A: Islamic law governing Christian dhimmis developed from Byzantine Christian legislation enacted from the fifth to the sixth century. It aimed at imposing legal inferiority on native Jews of Christianized countries — lands that were subsequently Islamicized.
Q: How have Islamic governments treated their religious minorities compared to how Christians treated theirs?
A: Islam links politics and religion together, whereas Christianity separates the two. In Christianity, there is a trend that criticizes religious intolerance. Christianity has developed a dialectic that leads to self-criticism and improvement. One can then fight against racism, anti-Semitism and prejudices.
But Islam does not emancipate the dhimmis [religious minorities] nor recognize that jihad and dhimmitude are evil institutions. In fact, they say those are good institutions. They do not recognize the evil in their own history. The Islamic concept of non-Muslims engenders hostility. In Christianity, there is not a concept of permanent holy war.
Q: Where, then, did jihad originate?
A: The ideology of jihad was formulated by Muslim theologians from the eighth century onward. It separates humanity into two hostile blocks — the community of Muslims, and the infidels. According to this ideology, Allah commands the Muslims to conquer the whole world in order to apply Koranic laws. Hence, they have to wage a perpetual war against the infidels who refuse to submit. Its principle is based on the inequality between the community of Allah and the infidels. The first is a superior group, whose mission it is to rule the world. The second must submit.
Q: Does the typical Muslim understand jihad as a foundation principle governing how to relate to non-Muslims?
A: Not all Muslims know it, and many reject its ideology. It would be a great mistake to believe each and every Muslim identifies with jihad war ideology.
Q: However, dhimmitude was brought to a halt in the Near East by European colonialism. Are academics now saying you are exaggerating its negative effects?
A: Since the end of the 1960s, some professors in Europe and North America teach that jihad wars produced a minimum of civilian victims, and that the Muslim armies of conquest were welcomed by their future dhimmis with open arms. This, of course, is the Muslim version of history, and it is interesting to see that it is being adopted in Europe.
Q: What else are Muslims saying about Western history?
A: They are saying that the Renaissance developed thanks to them. That is pure nonsense. It is linked to a desire to dominate European culture. The Muslims in Spain developed their civilization from their Christian predecessors and from Byzantine influence from the 13th century.
When the Turks invaded Byzantium, Greek scholars fled with their archives to Italy. They translated the Greek classics into Latin. The Italian paintings of the 13th and 14th century are reminiscent of Byzantine icons.
Q: What do Westerners not realize about Islamic history?
A: Islam presents an idealistic version of itself that is not reality. Islam started in 622 and in 640, the Jews and Christians were expelled from Arabia. What the Islamists call Islamic territory today was all Christian territory from Portugal to Armenia before 632 A.D., when the conquest began. And they say Jesus was a Muslim and that the true Bible teaches Islam. It's a replacement theology they have toward Jews and Christians.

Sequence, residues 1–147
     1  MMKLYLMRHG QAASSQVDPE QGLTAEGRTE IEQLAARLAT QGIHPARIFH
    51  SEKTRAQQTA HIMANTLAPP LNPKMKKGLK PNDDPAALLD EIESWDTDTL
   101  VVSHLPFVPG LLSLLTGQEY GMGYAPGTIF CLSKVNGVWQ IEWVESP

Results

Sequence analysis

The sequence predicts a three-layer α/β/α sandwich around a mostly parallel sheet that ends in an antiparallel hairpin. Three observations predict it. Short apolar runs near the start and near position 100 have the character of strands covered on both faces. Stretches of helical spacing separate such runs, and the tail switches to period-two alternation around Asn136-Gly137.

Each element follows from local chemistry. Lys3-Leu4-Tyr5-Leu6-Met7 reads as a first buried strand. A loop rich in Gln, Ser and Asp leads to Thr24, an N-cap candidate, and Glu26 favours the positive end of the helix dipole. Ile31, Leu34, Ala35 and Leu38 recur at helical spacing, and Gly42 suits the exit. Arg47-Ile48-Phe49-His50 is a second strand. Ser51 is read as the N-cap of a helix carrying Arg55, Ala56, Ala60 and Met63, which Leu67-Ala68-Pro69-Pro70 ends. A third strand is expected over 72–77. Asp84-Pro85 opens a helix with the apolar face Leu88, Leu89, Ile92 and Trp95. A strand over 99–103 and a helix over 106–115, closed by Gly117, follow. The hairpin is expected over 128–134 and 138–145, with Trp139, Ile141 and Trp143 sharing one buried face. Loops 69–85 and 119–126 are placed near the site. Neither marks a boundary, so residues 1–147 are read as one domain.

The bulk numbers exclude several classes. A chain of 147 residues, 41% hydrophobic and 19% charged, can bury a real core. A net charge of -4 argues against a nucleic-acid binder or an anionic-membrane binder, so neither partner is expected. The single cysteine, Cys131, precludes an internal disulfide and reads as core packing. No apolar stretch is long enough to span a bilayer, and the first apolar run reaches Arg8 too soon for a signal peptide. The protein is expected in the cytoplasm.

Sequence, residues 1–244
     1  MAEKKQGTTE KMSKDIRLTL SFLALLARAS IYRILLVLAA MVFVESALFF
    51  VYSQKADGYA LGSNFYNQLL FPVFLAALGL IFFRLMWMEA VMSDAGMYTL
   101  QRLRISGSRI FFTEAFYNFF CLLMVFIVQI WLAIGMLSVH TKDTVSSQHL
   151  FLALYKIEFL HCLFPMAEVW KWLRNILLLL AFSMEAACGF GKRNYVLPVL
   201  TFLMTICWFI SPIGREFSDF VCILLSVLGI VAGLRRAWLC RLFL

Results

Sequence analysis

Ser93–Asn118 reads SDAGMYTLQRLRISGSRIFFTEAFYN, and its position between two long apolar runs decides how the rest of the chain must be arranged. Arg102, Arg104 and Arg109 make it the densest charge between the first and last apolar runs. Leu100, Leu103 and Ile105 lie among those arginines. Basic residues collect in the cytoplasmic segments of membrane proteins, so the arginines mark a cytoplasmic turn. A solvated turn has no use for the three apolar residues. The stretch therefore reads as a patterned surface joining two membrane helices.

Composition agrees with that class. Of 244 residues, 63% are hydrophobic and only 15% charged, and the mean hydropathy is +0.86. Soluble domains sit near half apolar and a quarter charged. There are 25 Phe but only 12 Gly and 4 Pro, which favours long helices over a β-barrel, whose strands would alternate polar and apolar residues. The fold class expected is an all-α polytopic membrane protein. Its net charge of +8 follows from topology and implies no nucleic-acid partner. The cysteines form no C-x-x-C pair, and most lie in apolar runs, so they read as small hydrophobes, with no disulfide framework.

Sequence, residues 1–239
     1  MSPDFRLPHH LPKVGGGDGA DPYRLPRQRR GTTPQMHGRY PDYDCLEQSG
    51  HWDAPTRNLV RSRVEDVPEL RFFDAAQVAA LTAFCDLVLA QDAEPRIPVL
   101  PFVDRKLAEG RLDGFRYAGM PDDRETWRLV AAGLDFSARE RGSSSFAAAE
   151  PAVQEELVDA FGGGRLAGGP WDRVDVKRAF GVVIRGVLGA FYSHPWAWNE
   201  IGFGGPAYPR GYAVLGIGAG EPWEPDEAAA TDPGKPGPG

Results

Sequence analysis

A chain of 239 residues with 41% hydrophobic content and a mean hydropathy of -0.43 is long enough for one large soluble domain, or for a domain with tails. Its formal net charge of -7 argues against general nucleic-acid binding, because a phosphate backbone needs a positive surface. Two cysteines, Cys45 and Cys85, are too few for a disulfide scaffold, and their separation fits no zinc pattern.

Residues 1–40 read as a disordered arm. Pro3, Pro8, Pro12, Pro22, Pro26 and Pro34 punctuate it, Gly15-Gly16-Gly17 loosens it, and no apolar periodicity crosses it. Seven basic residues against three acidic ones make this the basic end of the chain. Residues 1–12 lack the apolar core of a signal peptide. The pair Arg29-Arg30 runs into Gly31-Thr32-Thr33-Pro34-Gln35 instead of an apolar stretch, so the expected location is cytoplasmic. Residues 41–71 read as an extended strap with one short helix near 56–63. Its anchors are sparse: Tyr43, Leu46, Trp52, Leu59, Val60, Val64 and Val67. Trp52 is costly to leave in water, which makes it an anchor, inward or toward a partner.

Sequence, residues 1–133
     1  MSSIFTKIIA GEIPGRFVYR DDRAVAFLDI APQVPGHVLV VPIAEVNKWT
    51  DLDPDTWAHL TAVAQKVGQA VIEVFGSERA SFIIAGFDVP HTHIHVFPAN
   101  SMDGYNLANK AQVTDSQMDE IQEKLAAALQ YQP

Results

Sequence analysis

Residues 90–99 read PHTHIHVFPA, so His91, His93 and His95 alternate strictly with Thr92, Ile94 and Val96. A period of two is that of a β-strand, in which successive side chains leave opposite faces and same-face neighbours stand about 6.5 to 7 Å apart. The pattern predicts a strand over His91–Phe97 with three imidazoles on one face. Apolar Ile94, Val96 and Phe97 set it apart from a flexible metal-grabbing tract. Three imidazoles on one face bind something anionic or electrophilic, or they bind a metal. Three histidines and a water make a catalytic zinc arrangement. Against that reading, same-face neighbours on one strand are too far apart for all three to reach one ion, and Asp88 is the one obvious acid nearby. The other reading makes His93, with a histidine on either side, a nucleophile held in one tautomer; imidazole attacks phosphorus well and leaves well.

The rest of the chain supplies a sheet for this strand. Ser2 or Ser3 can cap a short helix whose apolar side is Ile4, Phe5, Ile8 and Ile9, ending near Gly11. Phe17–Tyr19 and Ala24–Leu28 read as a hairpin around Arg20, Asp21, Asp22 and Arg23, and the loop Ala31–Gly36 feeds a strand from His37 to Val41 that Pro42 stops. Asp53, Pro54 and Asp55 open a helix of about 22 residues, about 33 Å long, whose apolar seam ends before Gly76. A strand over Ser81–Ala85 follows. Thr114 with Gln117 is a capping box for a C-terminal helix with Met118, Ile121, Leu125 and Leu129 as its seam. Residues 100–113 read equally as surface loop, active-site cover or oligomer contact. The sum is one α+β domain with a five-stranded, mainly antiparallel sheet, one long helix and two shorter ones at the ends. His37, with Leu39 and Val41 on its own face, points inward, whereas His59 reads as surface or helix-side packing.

In Europe these days, they are no longer referring to their "Judeo-Christian culture" because that wording irritates the Muslims, who want us to refer to the West as an Abrahamic civilization because they regard Abraham as a Muslim.
Q: Are Europeans going along with this?
A: In some places, yes. Definitely in France, where there's a general pro-Arab policy because of its interests in the Arab world. Thus, there are those who are promoting a Palestinian state in place of Israel. The anti-Israel policy in France is linked to an anti-U.S. bias because America is seen as a defender of Judeo-Christian values. And as anti-Semitism grows in France, it also becomes anti-Christian because of its hatred of the Jewish origins of Christianity.
Q: Is the reason you've come up with the term "Eurabia" to describe what Europe is becoming?
A: Europe is fast becoming an Arab-Islamic land of emigration. Its leaders pretend to their people they are restricting immigration but they really are not. Because if they did, there might be economic and other reprisals.
Polygamy is being tolerated in France and Germany, although not officially. Muslims are agitating for separate public schools according to gender and for girls to cover their heads. This has really created a problem with the teachers.
Q: How do you suggest Americans react to this?
A: If Europe changes its tune toward Arab countries, there might be reprisals. That [Oct.6] attack on the French oil tanker off of Yemen was a warning. That is why the French are afraid to go to war against Iraq. The tactic is to isolate America.
President Bush said we won't be intimidated by what happened in Bali, but he's the only world leader saying that. America is being attacked because it fights back. Americans should also resist the idea that they are responsible for September 11.
Q: So Islam is increasingly not tolerating dissent, even in the West?
A: For Westerners, it is normal to change one's religion. For Islam, it is not. There is more and more Shariah [Islamic law] coming to the West. For instance, an Iranian mullah who preached an Oct. 11 sermon called for the deaths of Jerry Falwell, Franklin Graham and Pat Robertson.
Well, one shouldn't be condemned to be killed just because one criticizes their religion.